How does the brain know when we should sleep? Well, our brain helps regulate our sleeping schedule through our circadian rhythm. Our circadian rhythm can be defined as the brain’s system of determining when our body needs to sleep or stay awake based on environmental factors, like whether it is sunny or dark outside. According to the National Sleep Foundation, different ages require varied amounts of sleep to stay healthy. Children ages 6-13 require 9-11 hours of sleep, teens ages 14-17 need 8-10 hours of sleep, and adults ages 18-64 require 7-9 hours of sleep.
However, many of us may find that we don’t rise with the sun and sleep once it turns dark outside. Many people who have school, like me, or work may have to wake up before the sun is up or sleep late because their job requires them to work late hours. Staying up past sunset, waking up before sunrise, and not getting enough sleep are all factors that can contribute to changes in circadian rhythm. Another major factor that affects our sleep schedule is the amount of time we spend looking at a screen before bed.
In April, the National Sleep Foundation published an article addressing the affect COVID-19 may have on people’s sleeping habits. The article written by Eric Suni, an experienced science writer, and reviewed by Dr. Anis Rehman, certified physician in Internal Medicine, Endocrinology, Diabetes, and Metabolism, addresses how excess screen time may be tempting to many people as a way to pass time during the pandemic, but advises against too much screen time in the evening because of its negative effect on circadian rhythm. This is because the light from digital screens trick the brain into thinking it is still daytime, keeping the body awake.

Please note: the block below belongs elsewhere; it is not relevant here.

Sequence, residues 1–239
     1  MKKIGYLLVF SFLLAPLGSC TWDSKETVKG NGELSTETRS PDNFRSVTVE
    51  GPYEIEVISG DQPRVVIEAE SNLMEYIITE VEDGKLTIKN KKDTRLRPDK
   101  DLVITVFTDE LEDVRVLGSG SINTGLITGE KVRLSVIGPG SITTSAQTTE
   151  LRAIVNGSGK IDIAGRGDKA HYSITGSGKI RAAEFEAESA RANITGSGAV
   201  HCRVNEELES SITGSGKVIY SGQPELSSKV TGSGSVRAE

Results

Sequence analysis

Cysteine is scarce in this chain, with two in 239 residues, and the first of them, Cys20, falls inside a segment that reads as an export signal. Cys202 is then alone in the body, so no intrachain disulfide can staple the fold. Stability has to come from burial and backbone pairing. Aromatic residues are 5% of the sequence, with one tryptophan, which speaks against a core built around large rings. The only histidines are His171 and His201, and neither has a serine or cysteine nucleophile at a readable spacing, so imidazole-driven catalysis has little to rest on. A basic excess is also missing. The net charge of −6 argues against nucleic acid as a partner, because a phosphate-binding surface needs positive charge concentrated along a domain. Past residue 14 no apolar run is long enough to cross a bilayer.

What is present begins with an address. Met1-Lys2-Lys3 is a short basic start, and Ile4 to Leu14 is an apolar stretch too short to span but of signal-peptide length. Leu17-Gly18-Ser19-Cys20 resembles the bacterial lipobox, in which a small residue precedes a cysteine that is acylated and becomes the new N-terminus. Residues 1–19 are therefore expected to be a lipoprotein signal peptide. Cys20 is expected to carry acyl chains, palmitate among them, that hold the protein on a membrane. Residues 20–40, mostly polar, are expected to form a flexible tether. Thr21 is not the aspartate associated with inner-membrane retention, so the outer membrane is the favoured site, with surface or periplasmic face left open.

The Salk Institute of Biological Studies, published an in depth article on how screen time directly affects our circadian rhythm, starting with the cells of the eye. Our retina, which is a membrane covering the back of the eye, contains light-sensitive cells that produce a specific protein, called melonopsin, when these cells detect light. The mass production of this protein within the cells of the retina sends a signal to the hypothalamus, or part of the brain that regulates the body’s sleep cycle/circadian rhythm. If the cells of the eye detect light for over ten minutes, they can produce enough melonopsin to suppress the body’s production of melanin, which is a hormone that tells the body to sleep. This is how just ten minutes of screen time on the phone, television, or computer before bed can lead to poor sleep health, preventing the body from going to sleep at a regulated time.
Maintaining a healthy circadian rhythm by getting the right amount of sleep each day and limiting screen time before bed are great ways to keep the brain healthy and prevent mental disorders like insomnia and depression, especially during a time when many of us are spending a large amount of time in doors due to the current pandemic.
Author: Rebecca-Renee Lorente